SINGAPORE – The Ministry of Manpower is investigating 15 work pass holders working here who had declared qualifications from Manav Bharti University in their work pass applications.

The Indian university in the state of Himachal Pradesh had sold 36,000 fake degrees over 11 years, the Times of India (TOI) reported earlier this month.

Of the 41,000 degrees issued by the university, only 5,000 are genuine so far, a special investigating team in India has found.

MOM said on Wednesday (Feb 17) that if the work pass holders were found to have falsely declared their educational qualifications, their work passes will be immediately revoked and they will be permanently barred from employment in Singapore.

“We may also prosecute them under the Employment of Foreign Manpower Act. The offence carries a fine of up to $20,000, up to two years’ imprisonment or both,” said the ministry.

In the last five years, an average of 660 foreigners were permanently barred each year from working in Singapore because they had submitted fake educational qualifications in their work pass applications.

Over the same period, an average of eight foreigners each year were convicted and penalised for false declarations of educational qualifications.

MOM noted that employers have the primary responsibility of ensuring the authenticity of academic qualifications of the foreigners they wish to hire.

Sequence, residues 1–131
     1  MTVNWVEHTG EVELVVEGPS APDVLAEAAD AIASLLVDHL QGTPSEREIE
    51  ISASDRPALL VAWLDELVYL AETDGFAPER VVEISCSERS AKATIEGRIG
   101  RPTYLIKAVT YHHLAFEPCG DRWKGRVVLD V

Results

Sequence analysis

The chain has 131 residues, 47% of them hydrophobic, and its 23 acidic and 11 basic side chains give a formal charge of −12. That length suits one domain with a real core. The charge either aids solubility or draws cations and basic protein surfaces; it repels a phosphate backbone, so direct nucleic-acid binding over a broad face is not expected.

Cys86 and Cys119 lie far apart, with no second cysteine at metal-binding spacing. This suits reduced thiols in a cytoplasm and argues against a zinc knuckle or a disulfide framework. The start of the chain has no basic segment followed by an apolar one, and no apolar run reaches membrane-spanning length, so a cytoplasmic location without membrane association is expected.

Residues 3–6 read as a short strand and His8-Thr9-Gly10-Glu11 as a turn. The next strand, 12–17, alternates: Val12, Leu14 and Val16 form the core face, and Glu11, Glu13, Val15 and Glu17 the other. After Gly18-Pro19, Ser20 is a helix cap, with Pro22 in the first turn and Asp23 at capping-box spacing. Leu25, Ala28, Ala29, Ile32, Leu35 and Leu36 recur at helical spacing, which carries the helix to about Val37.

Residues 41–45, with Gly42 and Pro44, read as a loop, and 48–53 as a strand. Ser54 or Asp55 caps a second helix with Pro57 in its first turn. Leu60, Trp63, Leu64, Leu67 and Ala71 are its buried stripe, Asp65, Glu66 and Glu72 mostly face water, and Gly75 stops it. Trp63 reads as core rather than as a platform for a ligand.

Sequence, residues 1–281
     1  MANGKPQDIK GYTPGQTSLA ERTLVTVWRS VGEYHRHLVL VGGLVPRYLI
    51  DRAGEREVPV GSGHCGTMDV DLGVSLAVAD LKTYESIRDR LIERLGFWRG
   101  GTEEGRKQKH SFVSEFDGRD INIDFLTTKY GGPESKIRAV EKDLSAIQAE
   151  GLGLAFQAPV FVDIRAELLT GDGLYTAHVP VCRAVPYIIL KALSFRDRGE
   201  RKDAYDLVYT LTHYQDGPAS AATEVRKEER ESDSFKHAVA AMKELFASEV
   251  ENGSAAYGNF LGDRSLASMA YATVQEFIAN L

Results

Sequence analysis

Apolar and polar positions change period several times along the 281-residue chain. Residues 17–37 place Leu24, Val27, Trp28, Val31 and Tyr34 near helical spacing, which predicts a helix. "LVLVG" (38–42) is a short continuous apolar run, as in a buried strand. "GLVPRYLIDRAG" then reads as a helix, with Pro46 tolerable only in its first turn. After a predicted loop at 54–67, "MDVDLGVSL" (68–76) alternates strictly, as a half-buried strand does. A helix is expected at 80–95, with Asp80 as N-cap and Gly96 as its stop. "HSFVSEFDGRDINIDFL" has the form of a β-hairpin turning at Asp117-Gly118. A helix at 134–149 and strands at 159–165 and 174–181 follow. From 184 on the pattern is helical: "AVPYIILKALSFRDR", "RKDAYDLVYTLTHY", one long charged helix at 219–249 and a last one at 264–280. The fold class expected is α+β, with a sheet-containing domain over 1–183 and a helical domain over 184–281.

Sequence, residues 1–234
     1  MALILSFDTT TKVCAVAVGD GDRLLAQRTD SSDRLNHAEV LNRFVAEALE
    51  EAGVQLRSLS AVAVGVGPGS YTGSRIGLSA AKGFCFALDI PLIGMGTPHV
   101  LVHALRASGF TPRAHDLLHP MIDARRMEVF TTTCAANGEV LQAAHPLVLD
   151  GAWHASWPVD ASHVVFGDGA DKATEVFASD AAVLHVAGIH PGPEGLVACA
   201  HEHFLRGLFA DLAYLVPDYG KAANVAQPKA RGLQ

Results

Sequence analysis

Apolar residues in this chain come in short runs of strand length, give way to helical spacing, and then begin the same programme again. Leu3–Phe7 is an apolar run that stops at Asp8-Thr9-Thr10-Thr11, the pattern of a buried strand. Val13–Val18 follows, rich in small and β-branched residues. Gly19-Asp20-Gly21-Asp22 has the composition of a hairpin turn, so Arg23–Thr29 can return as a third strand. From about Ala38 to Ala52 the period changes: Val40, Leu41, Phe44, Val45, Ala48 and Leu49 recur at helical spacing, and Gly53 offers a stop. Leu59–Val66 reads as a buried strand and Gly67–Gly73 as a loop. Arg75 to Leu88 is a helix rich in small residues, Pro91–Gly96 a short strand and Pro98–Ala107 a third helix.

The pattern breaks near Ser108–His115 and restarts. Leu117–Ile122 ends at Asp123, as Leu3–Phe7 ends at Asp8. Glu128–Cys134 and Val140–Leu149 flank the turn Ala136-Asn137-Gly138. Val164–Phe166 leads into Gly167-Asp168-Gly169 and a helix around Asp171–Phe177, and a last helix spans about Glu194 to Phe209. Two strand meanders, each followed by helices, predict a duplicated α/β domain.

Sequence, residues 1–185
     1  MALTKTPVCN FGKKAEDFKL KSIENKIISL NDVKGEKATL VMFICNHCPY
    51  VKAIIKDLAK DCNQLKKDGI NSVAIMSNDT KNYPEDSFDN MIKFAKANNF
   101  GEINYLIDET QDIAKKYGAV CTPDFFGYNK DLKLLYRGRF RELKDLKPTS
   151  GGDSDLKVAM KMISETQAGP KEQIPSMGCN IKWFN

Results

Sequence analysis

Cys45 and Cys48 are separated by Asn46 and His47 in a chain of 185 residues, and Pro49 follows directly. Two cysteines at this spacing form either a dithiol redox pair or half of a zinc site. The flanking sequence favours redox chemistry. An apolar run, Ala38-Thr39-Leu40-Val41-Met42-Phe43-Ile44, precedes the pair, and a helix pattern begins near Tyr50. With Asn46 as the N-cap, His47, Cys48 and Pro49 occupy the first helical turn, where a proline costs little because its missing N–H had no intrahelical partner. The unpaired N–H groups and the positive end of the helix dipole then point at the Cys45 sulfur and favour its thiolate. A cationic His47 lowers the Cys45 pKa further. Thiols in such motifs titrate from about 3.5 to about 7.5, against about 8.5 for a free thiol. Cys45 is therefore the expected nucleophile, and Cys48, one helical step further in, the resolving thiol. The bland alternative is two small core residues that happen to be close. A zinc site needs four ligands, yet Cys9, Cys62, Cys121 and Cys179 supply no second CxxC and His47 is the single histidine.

This means that employers should have evaluated the candidate, including his qualifications, to ensure that he has the right skills and qualifications needed, said the ministry.

MOM said it also conducts its own checks after the employer submits the academic documents, as an additional safeguard.

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Singapore Human Resources Institute president Erman Tan told The Straits Times that companies can do more stringent checks on their prospective employees, but they may not have sufficient resources to conduct thorough due diligence.

“This is especially so when companies are rushing to fill out positions,” he said, adding that incidences of fake credentials tend to occur more frequently among lower level executives than those in higher offices.

One layer of checks can be if workers who suspect that their new colleagues are unqualified for their positions report this to their superiors, Mr Tan said.

Universities can also help by publishing the names of their graduates online, he added.

According to TOI, the police in India have initiated the process to extradite the chairman of the Manav Bharti Charitable Trust – Raj Kumar Rana – from Australia.

The trust operates private universities, including Manav Bharti University, in the states of Himachal Pradesh and Rajasthan in India.

The Indian authorities estimated that the trust chairman and his family had amassed property worth 3.87 billion rupees (S$71 million) from the proceeds of the racket.





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